Kuroshio Current

The Kuroshio (黒潮), also known as the Black or Japan Current (日本海流, Nihon Kairyū) or the Black Stream, is a north-flowing ocean current on the west side of the North Pacific Ocean. It is similar to the Gulf Stream in the North Atlantic and is part of the North Pacific ocean gyre. Like the Gulf stream, it is a strong western boundary current.

North Atlantic Current

The North Atlantic Current (NAC), also known as North Atlantic Drift and North Atlantic Sea Movement, is a powerful warm western boundary current within the Atlantic Ocean that extends the Gulf Stream northeastward.The NAC originates from where the Gulf Stream turns north at the Southeast Newfoundland Rise, a submarine ridge that stretches southeast from the Grand Banks. The NAC flows northward east of the Grand Banks, from 40°N to 51°N, before turning sharply east to cross the Atlantic. It transports more warm tropical water to northern latitudes than any other boundary current; more than 40 Sv in the south and 20 Sv as it crosses the Mid-Atlantic Ridge. It reaches speeds of 2 knots near the North American coast. Directed by topography, the NAC meanders heavily, but in contrast to the meanders of the Gulf Stream, the NAC meanders remain stable without breaking off into eddies.The colder parts of the Gulf Stream turn northward near the "tail" of the Grand Banks at 50°W where the Azores Current branches off to flow south of the Azores. From there the NAC flows northeastward, east of the Flemish Cap (47°N, 45°W). Approaching the Mid-Atlantic Ridge, it then turns eastward and becomes much broader and more diffuse. It then splits into a colder northeastern branch and a warmer eastern branch. As the warmer branch turns southward, most of the subtropical component of the Gulf Stream is diverted southward, and as a consequence, the North Atlantic is mostly supplied by subpolar waters, including a contribution from the Labrador Current recirculated into the NAC at 45°N.West of Continental Europe, it splits into two major branches. One branch goes southeast, becoming the Canary Current as it passes northwest Africa and turns southwest. The other major branch continues north along the coast of Northwestern Europe.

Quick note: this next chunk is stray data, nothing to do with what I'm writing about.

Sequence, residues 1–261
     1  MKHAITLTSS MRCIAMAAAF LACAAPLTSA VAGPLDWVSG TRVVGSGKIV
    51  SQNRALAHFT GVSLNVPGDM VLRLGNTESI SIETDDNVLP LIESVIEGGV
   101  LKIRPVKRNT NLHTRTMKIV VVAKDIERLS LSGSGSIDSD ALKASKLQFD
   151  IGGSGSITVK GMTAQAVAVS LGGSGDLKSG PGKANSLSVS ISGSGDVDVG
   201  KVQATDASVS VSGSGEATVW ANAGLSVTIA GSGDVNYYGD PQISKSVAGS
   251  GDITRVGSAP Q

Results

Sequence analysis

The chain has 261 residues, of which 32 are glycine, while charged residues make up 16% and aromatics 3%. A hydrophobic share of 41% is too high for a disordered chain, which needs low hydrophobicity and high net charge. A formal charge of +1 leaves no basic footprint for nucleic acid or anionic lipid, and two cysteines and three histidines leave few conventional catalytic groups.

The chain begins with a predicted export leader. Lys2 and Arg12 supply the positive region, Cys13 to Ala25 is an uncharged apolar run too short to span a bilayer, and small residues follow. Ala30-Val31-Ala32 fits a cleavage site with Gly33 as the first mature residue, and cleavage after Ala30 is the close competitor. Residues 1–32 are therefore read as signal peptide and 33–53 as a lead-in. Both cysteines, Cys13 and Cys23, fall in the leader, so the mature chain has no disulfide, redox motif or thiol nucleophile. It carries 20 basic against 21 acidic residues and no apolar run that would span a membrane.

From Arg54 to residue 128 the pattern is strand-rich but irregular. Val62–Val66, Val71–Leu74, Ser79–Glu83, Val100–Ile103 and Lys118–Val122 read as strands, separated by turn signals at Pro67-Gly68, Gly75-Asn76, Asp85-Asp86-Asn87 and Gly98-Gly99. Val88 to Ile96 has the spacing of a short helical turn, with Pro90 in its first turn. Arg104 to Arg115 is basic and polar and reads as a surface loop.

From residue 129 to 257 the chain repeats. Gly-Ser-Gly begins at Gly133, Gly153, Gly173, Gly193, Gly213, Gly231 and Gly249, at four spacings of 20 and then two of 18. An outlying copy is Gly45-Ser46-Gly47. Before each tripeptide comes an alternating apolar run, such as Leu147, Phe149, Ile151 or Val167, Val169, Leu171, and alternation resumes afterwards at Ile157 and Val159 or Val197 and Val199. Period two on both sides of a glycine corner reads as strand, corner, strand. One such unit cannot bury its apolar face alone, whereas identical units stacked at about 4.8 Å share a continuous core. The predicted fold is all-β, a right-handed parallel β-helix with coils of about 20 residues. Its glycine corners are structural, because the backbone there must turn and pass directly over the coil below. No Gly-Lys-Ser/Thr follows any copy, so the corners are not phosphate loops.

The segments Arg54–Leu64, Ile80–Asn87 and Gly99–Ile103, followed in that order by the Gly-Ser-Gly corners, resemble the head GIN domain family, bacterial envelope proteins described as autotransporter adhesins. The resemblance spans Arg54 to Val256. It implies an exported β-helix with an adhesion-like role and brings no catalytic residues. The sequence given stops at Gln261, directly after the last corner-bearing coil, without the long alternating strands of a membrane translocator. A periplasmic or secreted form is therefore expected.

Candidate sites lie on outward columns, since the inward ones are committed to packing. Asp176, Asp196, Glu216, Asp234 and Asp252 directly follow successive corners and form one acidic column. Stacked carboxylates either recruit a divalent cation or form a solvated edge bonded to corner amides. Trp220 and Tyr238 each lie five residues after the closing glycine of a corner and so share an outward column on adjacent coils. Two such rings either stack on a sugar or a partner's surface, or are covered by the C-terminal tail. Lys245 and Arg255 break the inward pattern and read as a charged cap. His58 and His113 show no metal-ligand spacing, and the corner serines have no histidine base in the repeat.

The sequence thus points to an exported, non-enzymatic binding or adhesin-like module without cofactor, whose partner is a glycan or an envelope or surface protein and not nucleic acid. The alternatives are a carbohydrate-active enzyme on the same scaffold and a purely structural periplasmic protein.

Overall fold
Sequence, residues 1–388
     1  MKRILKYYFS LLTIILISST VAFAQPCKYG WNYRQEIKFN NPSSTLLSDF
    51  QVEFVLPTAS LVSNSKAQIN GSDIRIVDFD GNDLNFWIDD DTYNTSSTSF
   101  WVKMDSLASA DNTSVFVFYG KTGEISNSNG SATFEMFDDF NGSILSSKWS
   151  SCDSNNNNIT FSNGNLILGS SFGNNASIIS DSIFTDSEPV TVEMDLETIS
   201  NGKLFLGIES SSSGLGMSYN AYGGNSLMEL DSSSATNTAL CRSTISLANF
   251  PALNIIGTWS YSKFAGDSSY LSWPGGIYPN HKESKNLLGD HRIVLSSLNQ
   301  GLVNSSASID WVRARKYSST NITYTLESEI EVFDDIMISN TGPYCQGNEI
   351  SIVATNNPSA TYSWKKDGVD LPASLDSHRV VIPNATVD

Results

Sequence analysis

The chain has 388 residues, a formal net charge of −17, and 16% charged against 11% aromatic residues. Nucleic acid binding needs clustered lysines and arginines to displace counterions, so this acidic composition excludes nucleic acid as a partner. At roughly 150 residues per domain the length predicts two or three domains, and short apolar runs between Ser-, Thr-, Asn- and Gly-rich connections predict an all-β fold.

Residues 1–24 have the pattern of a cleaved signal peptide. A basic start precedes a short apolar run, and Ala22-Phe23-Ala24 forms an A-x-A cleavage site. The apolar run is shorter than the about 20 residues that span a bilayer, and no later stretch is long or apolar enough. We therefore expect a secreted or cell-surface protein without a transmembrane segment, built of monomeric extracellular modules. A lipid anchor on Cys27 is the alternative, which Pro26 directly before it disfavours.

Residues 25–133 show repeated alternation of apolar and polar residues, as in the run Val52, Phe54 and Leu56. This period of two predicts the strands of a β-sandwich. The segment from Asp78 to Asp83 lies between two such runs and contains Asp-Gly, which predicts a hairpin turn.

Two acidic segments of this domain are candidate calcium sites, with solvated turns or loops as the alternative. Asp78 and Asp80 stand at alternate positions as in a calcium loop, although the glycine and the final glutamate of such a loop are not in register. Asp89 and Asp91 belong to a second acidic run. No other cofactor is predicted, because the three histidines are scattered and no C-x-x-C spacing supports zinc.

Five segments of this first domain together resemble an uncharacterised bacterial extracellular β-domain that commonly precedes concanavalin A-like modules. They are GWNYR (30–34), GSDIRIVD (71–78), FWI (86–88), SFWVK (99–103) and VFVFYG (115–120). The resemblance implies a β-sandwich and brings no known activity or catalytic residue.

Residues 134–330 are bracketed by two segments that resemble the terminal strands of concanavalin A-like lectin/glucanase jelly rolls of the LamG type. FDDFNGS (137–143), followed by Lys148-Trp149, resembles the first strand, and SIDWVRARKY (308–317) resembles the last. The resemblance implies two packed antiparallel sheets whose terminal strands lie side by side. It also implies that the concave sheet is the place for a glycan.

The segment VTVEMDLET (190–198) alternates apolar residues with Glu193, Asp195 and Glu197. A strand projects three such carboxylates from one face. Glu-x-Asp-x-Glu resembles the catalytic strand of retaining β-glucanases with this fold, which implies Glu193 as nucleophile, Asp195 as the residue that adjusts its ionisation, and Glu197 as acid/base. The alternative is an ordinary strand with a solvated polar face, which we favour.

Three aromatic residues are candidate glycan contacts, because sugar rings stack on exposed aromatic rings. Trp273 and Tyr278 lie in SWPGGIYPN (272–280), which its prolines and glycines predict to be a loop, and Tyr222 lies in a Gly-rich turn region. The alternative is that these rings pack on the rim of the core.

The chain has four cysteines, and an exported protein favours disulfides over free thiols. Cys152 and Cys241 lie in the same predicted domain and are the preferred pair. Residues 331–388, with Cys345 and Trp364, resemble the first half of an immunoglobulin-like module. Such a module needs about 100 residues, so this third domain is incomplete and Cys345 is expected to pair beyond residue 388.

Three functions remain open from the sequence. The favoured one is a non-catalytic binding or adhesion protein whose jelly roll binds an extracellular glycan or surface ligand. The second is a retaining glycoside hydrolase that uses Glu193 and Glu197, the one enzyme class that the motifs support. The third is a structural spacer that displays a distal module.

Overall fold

Other branches include the Irminger Current and the Norwegian Current. Driven by the global thermohaline circulation, the North Atlantic Current is part of the wind-driven Gulf Stream, which goes further east and north from the North American coast across the Atlantic and into the Arctic Ocean.

The North Atlantic Current, together with the Gulf Stream, have a long-lived reputation for having a considerable warming influence on European climate. However, the principal cause for differences in winter climate between North America and Europe seems to be winds rather than ocean currents (although the currents do exert influence at very high latitudes by preventing the formation of sea ice).

Ocean current

An ocean current is a continuous, directed movement of sea water generated by a number of forces acting upon the water, including wind, the Coriolis effect, breaking waves, cabbeling, and temperature and salinity differences. Depth contours, shoreline configurations, and interactions with other currents influence a current's direction and strength. Ocean currents are primarily horizontal water movements.